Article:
Thursday, February 21, 2013

AX MAXDOP settings for SQL performance

What is MAXDOP?
MAXDOP stands for MAXimum Degree Of Parallelism. It's the upper limit on the number of CPUs the SQL Server instance will use for a parallel query. Great. What is a 'parallel query'? Basically, SQL will use multiple processors to speed up the execution of queries. See below for the official MSDN definition.

Parallel Query Processing

SQL Server provides parallel queries to optimize query execution and index operations for computers that have more than one microprocessor (CPU). Because SQL Server can perform a query or index operation in parallel by using several operating system threads, the operation can be completed quickly and efficiently.
During query optimization, SQL Server looks for queries or index operations that might benefit from parallel execution. For these queries, SQL Server inserts exchange operators into the query execution plan to prepare the query for parallel execution. An exchange operator is an operator in a query execution plan that provides process management, data redistribution, and flow control. The exchange operator includes the Distribute Streams, Repartition Streams, and Gather Streams logical operators as subtypes, one or more of which can appear in the Showplan output of a query plan for a parallel query.
After exchange operators are inserted, the result is a parallel-query execution plan. A parallel-query execution plan can use more than one thread. A serial execution plan, used by a nonparallel query, uses only one thread for its execution. The actual number of threads used by a parallel query is determined at query plan execution initialization and is determined by the complexity of the plan and the degree of parallelism. Degree of parallelism determines the maximum number of CPUs that are being used; it does not mean the number of threads that are being used. The degree of parallelism value is set at the server level and can be modified by using the sp_configure system stored procedure. You can override this value for individual query or index statements by specifying the MAXDOP query hint or MAXDOP index option.
The SQL Server query optimizer does not use a parallel execution plan for a query if any one of the following conditions is true:
  • The serial execution cost of the query is not high enough to consider an alternative, parallel execution plan.
  • A serial execution plan is considered faster than any possible parallel execution plan for the particular query.
  • The query contains scalar or relational operators that cannot be run in parallel. Certain operators can cause a section of the query plan to run in serial mode, or the whole plan to run in serial mode. (msdn 3)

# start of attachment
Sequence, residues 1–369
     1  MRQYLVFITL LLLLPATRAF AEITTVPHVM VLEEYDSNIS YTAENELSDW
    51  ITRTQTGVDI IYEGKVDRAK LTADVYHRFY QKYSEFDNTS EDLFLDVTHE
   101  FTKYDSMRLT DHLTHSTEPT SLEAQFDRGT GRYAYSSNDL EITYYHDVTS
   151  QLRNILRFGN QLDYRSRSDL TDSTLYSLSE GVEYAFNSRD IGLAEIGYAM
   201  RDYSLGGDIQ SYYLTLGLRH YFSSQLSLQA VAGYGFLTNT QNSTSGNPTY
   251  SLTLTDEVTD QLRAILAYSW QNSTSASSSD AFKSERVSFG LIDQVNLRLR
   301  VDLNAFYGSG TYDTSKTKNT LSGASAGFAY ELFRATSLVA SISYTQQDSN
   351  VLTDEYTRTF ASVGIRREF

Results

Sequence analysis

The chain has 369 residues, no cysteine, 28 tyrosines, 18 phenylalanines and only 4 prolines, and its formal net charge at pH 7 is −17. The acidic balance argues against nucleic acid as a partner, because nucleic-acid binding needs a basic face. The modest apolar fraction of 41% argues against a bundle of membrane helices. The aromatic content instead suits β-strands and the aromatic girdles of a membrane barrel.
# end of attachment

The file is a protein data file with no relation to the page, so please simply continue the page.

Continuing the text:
Where can I find this setting?
There are two ways:
  1. With a UI, under Server Properties, click the Advanced group on the left hand vertical options menu. The last column will be 'Parallelism' and it is the third option.
  2. With SQL script:
    EXEC sp_configure 'show advanced options', 1
    EXEC sp_configure 'max degree of parallelism'
What should the MAXDOP value be for my system?
This is an interesting question that is highly debated at really nerdy happy hours. The first answer always given is the generic 'Well it depends on your situation'. This is very true even though it is a frustration answer for people to hear. Its more satisfying hearing a number 'commonly' used.

By default, SQL Server sets this value to 0 which means it is dynamic as there are no limits to how many CPUs SQL can spread out a query over (e.g all available processors on the SQL box).

For most large multi-user ERP systems, 1 is pretty common. Some people would get pissed about this value setting since it disables all query parallelism. Others would say that this good though as it eliminates the CXPACKET waits (a thread is waiting on a parallel thread to complete) associated with parallelism. Again the rebuttal is that CSPACKET waits are completely normal and expected behavior on a multiprocessor system and changing this value is not a solution as something else in the system isn't scaling properly. I'm not getting into this deeper but if its your thing, here is a good article I found: SQLBlog: Tuning ‘cost threshold for parallelism’ from the Plan Cache

According to Top Tips for Maximizing the Performance & Scalability of Dynamics AX 2009 systems on SQL Server 2008: "The AX perf team recommends that MAXDOP be set to 1 (again, this is the most common recommended setting for most large multi-user EPR systems). The reason is for this is for performance consistency. It is the most critical goal that all users 'see' the same basic resource use on a consistent basis. This ensures that all users share the resources in an equitable manner.

Since customer to customer setups can be so radically different, if the resources, know how, and time are available, it couldn't hurt to play with this setting and see if there are performance gains setting this to something like 2, 4, 1/2, etc. The trick is knowing what to measure and doing benchmarks thoroughly to know what to measure against. If this can't be done, no use in changing these values.

Parallism is more widely optimized in high performance single user (or low number of users) scenarios such as Data warehouses and/or bulk loading. Regardless of the setting, if you don't know what you're doing, don't set this value. 

How do I change the MAXDOP value?

You can change this value through sp_config tool, SSMS, or T-SQL. You can also change it from the SQL server properties
Figure 1 -  The Max Degree of Parallelism setting in SQL Server properties
  1. SQLCat - Top Tips for Maximizing the Performance & Scalability of Dynamics AX 2009 systems on SQL Server 2008 
  2. MSDN - Parallel Query Processing
  3. MSDN - Server Configuration Options (SQL Server)
  4. MSSSQLTips - What MAXDOP setting should be used for SQL Server

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